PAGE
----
Each year, the Osaka Committee of Chicago Sister Cities International sponsors a trip for the winner of the Annual Japanese Language Speech Contest in Chicago to our sister city of Osaka. The recipient travels to Osaka as a kakehashi or “bridge” between the two sister cities, building friendship and mutual understanding.
The 2015 winner, University of Chicago student Hassan Awaisi, stayed with a local host family from June 13–27. Some of the activities he participated in include joining a yoga class and after-party at a local Indian restaurant, giving a presentation on Islam and Muslims to a group of students learning English at Minami High School, taking a flower arrangement class, and visiting the Osaka Museum of History, Osaka Castle, Osaka City Hall, Museum of Oriental Ceramics, Kansai American Center, Museum of Fine Art, Osaka International Peace Center, and Fukai Elementary School.
About his stay in Osaka, Hassan says: “It was a truly wonderful experience to have been able to explore Japanese culture and language through such a diverse range of programming graciously sponsored by the Osaka Committee. In addition to living with a Japanese host family for two weeks, I worked with Japanese elementary school students, high schoolers, and business innovators alike and learned a great deal about the unique history, art, economy, and cuisine of Osaka, Japan’s second largest city.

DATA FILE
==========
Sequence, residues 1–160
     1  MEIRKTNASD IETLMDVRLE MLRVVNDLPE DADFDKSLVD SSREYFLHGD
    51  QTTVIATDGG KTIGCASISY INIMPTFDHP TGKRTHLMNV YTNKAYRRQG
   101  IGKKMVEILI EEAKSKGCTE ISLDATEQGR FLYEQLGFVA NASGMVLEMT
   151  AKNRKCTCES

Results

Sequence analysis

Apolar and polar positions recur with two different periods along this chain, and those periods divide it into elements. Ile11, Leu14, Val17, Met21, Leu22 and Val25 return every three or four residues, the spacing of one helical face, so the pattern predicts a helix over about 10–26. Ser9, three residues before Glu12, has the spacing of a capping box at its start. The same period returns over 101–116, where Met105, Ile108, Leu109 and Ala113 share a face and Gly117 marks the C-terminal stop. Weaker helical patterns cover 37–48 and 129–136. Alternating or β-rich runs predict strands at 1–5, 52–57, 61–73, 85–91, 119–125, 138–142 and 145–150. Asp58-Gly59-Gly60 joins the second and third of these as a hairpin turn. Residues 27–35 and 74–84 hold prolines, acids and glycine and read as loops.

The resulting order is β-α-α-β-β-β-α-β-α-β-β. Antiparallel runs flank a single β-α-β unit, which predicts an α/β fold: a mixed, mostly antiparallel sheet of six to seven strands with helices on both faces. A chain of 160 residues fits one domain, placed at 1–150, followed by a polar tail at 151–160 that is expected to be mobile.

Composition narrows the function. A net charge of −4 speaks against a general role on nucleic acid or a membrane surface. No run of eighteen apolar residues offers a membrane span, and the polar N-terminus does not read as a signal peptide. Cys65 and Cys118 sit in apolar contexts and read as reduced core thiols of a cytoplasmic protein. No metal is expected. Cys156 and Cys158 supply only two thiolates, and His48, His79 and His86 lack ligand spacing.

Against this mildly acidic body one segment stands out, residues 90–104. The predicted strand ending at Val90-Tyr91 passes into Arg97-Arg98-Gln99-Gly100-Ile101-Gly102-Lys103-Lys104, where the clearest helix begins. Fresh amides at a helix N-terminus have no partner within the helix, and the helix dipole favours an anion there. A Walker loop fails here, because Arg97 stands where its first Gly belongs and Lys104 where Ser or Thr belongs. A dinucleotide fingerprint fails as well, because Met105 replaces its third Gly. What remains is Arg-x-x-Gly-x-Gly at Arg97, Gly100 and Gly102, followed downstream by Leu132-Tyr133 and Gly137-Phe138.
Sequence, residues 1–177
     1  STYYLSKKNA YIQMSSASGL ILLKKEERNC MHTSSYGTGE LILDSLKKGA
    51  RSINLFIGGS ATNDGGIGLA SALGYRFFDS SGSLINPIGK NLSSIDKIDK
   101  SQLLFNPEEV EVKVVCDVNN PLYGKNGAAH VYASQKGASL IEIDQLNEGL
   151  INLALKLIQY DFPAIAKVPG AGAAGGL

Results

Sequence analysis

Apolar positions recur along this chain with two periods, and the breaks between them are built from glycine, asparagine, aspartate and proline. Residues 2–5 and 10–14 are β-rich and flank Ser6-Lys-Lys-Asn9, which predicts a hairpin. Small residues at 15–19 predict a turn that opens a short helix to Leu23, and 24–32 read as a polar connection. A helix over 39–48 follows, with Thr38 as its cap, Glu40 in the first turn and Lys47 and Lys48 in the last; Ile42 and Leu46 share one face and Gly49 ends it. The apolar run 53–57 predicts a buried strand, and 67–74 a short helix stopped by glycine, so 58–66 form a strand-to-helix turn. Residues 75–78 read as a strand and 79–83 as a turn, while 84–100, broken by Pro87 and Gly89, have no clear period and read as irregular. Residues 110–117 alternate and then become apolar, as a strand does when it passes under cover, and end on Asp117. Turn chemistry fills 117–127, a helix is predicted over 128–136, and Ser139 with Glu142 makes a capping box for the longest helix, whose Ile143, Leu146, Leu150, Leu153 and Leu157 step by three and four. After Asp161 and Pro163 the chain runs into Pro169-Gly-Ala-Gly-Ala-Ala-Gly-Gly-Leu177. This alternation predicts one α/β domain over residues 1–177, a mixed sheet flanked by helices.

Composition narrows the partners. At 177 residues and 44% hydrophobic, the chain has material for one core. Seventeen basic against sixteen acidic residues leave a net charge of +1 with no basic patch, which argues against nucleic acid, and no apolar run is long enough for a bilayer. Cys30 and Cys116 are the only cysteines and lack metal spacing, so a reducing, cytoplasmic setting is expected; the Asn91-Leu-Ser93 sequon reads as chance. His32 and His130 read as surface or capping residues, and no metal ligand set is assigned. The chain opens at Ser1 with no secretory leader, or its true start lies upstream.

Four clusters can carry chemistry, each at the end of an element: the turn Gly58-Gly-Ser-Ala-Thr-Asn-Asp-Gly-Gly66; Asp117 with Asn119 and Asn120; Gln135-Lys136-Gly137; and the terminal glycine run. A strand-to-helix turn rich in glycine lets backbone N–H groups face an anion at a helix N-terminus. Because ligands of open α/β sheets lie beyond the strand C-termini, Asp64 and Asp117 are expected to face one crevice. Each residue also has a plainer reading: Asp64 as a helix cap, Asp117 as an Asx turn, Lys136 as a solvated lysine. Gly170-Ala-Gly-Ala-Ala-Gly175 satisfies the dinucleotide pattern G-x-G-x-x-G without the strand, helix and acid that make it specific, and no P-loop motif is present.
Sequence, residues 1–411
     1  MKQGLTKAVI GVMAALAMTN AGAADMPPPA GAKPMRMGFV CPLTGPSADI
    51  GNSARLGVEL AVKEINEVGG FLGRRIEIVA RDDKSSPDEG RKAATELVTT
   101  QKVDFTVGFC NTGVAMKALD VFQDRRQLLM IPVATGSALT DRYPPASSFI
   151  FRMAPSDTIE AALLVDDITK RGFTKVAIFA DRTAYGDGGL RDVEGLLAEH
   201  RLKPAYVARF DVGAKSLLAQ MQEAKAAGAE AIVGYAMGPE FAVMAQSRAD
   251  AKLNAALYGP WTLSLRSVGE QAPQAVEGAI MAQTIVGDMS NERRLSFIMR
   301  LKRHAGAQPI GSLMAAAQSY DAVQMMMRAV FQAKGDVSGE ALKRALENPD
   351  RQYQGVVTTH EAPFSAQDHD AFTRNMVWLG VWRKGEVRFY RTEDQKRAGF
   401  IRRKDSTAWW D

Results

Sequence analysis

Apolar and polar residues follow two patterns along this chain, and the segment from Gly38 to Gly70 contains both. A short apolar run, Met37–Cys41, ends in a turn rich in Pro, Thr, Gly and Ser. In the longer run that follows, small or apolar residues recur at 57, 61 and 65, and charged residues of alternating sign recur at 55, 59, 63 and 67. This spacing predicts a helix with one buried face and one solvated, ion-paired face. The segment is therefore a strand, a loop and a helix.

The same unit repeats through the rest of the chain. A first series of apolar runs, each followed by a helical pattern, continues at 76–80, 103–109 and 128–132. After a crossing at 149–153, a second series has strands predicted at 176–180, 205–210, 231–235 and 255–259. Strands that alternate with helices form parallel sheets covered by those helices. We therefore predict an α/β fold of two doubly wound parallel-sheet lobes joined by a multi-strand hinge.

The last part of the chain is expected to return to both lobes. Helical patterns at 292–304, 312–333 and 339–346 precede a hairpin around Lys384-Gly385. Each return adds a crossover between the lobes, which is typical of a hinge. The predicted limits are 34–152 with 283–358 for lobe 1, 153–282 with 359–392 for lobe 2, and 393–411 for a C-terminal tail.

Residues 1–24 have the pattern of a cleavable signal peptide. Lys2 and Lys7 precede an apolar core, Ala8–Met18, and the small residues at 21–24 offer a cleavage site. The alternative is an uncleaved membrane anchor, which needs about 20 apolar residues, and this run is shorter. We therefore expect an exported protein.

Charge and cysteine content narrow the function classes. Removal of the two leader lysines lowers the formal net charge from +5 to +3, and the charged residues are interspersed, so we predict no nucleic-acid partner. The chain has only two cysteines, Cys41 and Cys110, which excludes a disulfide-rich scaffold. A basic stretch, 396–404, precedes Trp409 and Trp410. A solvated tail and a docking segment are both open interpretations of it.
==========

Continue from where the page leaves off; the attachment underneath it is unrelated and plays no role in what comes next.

Every interaction I had become an opportunity for meaningful cultural exchange. I carried with me a pocket notebook at all times which locals were more than eager to help me fill with new terms like ōkini or ‘thank you’ (Kansai dialect), mottainai or ‘wasteful,’ and onigokko or ‘demon play’ (a Japanese version of the game of tag), not to mention points of clarification such as never to place your chopsticks upright in a rice bowl, an act resembling a traditional funeral rite.
At the same time, everyone I met was particularly fascinated by the idea of an American student of South Asian heritage studying Japanese and always wanted to know what drew me to their native language and country as well as what differences I noticed between Japan and the United States.
As a major connoisseur of everything from yakisoba to katsu-karē, I was certainly in food heaven and already miss being able to purchase inexpensive, high-quality sushi any time of the day from the neighborhood convenience store. I will also never forget trying delicious okonomiyaki, zaru soba, and takoyaki for the first time with my host family.
Most of all, however, I was impressed by the incredible detail-orientedness, politeness, and considerateness of the Japanese people, which I think can only be appreciated fully by traveling to Nippon in person. I very much hope to return someday in the near future!”